September 22, 2022

Balancing the burden of expectation with the burn of aspiration


Success doesn’t guarantee fulfillment.

Just because you’re good at something and winning the game, doesn’t mean you have to continue playing.

The question is how well you balance the burden of expectation with the burn of aspiration.

Because when you quit something you’re good at, it’s hard for others to comprehend that. It’s like there’s an unwritten law that says you have to do that thing forever. And some people will get deeply offended and resentful at your decision to leave.

They’ll look at you like you abandoned and betrayed them by walking away from your gift.

Whoa, don’t leave me hanging bro. How dare you quit something that came so naturally to you and so hard for the rest of us?

That’s the expectation that can weigh heavily upon your heart. When everyone says you’re good at something, and keeps patting you on the back and putting money in your pocket for doing that thing, it almost feels wrong to hang up your hat and move on.

But that is fear’s voice, not yours. It’s a survival narrative.

Truth is, you have to do what is right for you in the moment.

If there’s something in your life that you have a natural talent for, but that thing is smothering your soul, get out now. To hell with the social pressure from the voices around you.

The burn of aspiration matters more than the burden of expectation.

You see a lot of this tribal loyalty bullshit in the sports arena. The champion quarterback announces at the end of his winning season that he’s retiring from the game. Maybe because he has irreparable injuries, or maybe because he misses his family, or maybe because he’s just tired and bruised it’s finally time.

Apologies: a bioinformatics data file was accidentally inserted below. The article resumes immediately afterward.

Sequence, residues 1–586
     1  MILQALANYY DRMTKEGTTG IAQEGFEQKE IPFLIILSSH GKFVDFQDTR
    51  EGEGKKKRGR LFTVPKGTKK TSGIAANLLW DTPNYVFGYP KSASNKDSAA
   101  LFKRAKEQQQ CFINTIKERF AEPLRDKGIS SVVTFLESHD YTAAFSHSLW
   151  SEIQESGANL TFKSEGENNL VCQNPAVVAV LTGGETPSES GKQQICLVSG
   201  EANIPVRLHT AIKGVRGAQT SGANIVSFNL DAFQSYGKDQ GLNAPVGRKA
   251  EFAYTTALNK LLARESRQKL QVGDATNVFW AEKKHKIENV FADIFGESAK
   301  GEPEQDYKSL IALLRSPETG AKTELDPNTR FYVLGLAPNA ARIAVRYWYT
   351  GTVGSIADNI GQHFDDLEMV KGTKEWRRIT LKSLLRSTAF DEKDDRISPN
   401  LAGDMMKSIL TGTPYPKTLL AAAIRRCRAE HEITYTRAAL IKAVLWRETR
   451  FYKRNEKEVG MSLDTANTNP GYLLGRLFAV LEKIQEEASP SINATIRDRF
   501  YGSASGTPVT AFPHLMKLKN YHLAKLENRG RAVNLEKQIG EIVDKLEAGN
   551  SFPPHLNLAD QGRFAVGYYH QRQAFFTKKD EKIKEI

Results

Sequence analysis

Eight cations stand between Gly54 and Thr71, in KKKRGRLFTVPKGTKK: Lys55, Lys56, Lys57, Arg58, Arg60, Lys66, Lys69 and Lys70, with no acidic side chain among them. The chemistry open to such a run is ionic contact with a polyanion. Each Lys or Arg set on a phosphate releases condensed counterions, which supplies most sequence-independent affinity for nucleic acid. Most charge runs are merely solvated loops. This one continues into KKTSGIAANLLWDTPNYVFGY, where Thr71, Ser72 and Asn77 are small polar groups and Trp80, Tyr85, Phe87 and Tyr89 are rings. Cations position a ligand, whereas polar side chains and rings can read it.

Either way, this is it. It’s the end of an era. Peace out, folks.

That’s usually when fans flip their bloody lids. They feel hurt and disrespected because they were the last to know about the guy’s retirement, and now they’re out for blood.

Booing on the field starts to sounds like the low and cold sound of the wind.

Look everyone, the monkey won’t dance for us anymore, let’s kill him!

Sorry to break up the mob, but that quarterback didn’t abandon anyone. He didn’t betray millions of screaming fans who skipped church to paint their faces and wear his name on their backs every week.

All he did was be true to himself, honor his boundaries, and choose to pursue fulfillment, not just success.

Big difference between those two.

One is measured internally, the other externally.

Look, it’s difficult to fathom that something you were so passionate about could become something you’re willing to walk away from.

But it happens. People change. Careers evolve. Desires wane. Life moves on.

It’s part and parcel of participating in this sideshow circus called humanity.

And that’s the good news. There’s no unwritten law that says you have to do anything forever. That’s just social and cultural gravity dragging your feet back to the earth.

Besides, reversing your course down the road isn’t as difficult as you think it is. The pendulum may swing back one day. Seizing the opportunity when you’re a different person won’t make you a hypocrite.

Streisand even retired once. She performed four farewell concerts to mark her official retirement from performing live. Her parting words at the sold out concert were:

It feels like time to say goodbye to this part of my life. But I won’t miss walking around for two and a half hours in high heels.

Babs said she wanted to focus more on acting, directing and recording. And that’s exactly what she did. Until fifteen years later, she returned to the stage for a national tour.

Barbara went on to gross over fifty million dollars in sixteen cities on that tour, well into her sixties.

Still got it, she probably laughed to herself.

No there’s someone who knows how to separate success and fulfillment. It’s a story that gives us all permission to do what’s right for us in the moment, even expectation tries to hold us back.

Remember, just because we’re good at something and winning at the game, doesn’t mean we have to continue playing.

We’re adults. We’re grownups who can do whatever we want.

The burn of our aspiration can beat the burden of people’s expectation.

What do you need to give yourself permission to not do forever?